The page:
It was like Independence Day.

“I was sitting (upstairs) in the rocking chair when I got the email,” she said. “I just wanted to scream, ‘Hallelujah! Thank you, God!’”

The scholarship means Jordyn can stay in the school where he now fits in. He feels welcomed and comfortable.

“They knew how he was when he got there,” Simmons said of the Lakeview Christian staff. “Jordyn didn’t just go there from the old school. He took baggage with him, too. He took stuff with him to that school.”

Nevertheless, Jordyn says he wasn’t nervous his first day there. “I knew it was going to be good.”

He doesn’t like to talk about his previous school, but he lights up when the subject turns to his new one.

“The people are nice,” he says.

Since the change, not once has he complained he didn’t want to go to school. In fact, after being laid up in bed with an inner ear infection followed by the stomach flu near the end of Christmas break, Jordyn was excited to return to school Jan. 7, 2019.

Simmons and Villareal both point to Lakeview Christian’s smaller class sizes as making a big difference for students like Jordyn.

“I like to think we’re a safe place for bullied students,” said Villareal, who noted the school has had several students transfer there because they were bullied elsewhere. “In other schools they might get lost in the shuffle.”

Simmons shows pics of a smiling Jordyn in his fifth-grade class, getting hugged by his teacher, interacting with classmates during their holiday party. According to a Nov. 14, 2018 school progress report, Jordyn “is a pleasure to have in class” and “is very polite and courteous.”

A fresh start in a more welcoming environment has boosted Jordyn’s confidence.
Two months ago, he did a mile run at school in 17 minutes. By mid-December, with the help of his new classmates, he completed it in 14 minutes.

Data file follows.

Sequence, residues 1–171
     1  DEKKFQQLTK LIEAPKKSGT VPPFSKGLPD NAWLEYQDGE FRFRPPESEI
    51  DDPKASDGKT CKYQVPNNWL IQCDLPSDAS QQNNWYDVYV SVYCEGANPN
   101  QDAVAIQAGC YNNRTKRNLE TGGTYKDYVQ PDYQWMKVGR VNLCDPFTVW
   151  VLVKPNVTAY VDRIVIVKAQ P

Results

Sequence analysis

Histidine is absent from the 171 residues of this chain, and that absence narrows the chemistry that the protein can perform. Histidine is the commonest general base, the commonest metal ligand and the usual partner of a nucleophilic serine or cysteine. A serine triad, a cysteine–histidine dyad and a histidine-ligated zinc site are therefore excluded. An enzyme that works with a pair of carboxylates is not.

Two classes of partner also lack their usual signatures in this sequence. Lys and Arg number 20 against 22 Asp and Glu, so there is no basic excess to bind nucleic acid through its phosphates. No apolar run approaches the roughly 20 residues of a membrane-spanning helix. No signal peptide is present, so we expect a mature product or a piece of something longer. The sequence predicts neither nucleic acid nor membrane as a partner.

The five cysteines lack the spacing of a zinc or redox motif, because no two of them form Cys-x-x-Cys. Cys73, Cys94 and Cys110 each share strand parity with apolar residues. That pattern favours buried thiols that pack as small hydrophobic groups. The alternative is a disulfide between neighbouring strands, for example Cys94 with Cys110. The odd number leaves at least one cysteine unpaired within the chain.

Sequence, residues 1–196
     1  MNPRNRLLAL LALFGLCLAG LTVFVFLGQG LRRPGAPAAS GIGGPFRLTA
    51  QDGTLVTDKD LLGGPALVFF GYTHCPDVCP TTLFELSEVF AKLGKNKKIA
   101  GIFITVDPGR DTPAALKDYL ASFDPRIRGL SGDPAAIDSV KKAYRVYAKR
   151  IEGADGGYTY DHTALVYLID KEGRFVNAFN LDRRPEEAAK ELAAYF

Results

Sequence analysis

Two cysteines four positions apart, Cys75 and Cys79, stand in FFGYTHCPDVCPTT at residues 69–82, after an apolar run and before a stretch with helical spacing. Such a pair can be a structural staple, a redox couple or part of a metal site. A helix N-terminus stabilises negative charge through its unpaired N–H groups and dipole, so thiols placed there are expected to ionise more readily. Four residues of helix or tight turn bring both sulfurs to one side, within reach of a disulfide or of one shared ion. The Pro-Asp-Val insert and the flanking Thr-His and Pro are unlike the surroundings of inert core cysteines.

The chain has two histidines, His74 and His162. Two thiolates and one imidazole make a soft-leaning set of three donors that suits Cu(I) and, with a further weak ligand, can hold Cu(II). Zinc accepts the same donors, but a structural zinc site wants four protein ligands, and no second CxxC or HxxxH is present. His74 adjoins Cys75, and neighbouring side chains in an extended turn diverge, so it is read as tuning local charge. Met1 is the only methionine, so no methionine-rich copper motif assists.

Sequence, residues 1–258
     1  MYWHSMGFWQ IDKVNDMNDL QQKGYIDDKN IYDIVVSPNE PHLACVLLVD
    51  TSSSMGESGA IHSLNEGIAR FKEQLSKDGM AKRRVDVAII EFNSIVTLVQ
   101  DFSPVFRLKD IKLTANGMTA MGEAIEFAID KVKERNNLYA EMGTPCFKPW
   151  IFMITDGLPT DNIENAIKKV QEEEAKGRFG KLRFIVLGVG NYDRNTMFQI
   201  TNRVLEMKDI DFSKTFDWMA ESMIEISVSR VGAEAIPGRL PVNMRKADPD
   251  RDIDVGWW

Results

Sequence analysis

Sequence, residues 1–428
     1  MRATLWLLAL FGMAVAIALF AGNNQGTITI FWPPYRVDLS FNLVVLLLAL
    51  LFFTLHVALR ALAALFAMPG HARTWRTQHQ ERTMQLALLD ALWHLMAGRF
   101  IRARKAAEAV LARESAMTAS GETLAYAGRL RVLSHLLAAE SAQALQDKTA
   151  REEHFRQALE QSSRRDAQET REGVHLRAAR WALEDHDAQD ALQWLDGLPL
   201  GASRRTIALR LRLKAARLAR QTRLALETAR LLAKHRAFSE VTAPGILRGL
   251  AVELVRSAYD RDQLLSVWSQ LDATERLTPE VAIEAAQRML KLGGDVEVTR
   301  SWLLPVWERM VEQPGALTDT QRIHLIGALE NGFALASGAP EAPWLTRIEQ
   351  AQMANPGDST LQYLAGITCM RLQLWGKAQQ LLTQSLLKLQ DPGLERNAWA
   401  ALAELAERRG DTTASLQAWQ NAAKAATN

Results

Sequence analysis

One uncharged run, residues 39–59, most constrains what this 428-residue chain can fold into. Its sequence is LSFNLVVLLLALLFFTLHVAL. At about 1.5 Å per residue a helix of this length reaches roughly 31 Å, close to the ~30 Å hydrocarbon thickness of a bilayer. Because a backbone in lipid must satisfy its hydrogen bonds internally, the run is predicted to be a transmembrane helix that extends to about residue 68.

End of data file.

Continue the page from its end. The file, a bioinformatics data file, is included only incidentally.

“I’m probably the last one to finish, so I’d get really tired and out of breath,” he said. “And they would all get up and try to help me finish it.” They’d cheer him on and run with him.
He says he’s now shooting for finishing in 11 minutes, “maybe 10.”

At Lakeview Christian’s elementary school Christmas concert Dec. 18, 2019 Jordyn was one of six students chosen to sing at the front of stage. He wasn’t forced to do it – he volunteered.

So far, 469 private schools have signed up to participate in the Hope Scholarship, and 67 students have been awarded the scholarship. Jordyn and his grandmother are excited and thankful that he was the first.

“Hope is the best description. I keep thinking ‘There is hope, there is hope, there is hope.’ ” Simmons said. “I can’t wait to tell everyone what a blessing the Hope Scholarship has been. Now there’s peace.”

About Lake View Christian School

Lakeview Christian School opened in 1985 and offers Pre-K (for 3-year-olds) through eighth grade. During the 2018-19 school year, the school had 127 students, 59 of whom received the Florida Tax Credit Scholarship, four received the Gardiner Scholarship, and one received the new Hope Scholarship. All of the classroom teachers are four-year college graduates.

Scott Kent can be reached at skent@sufs.org.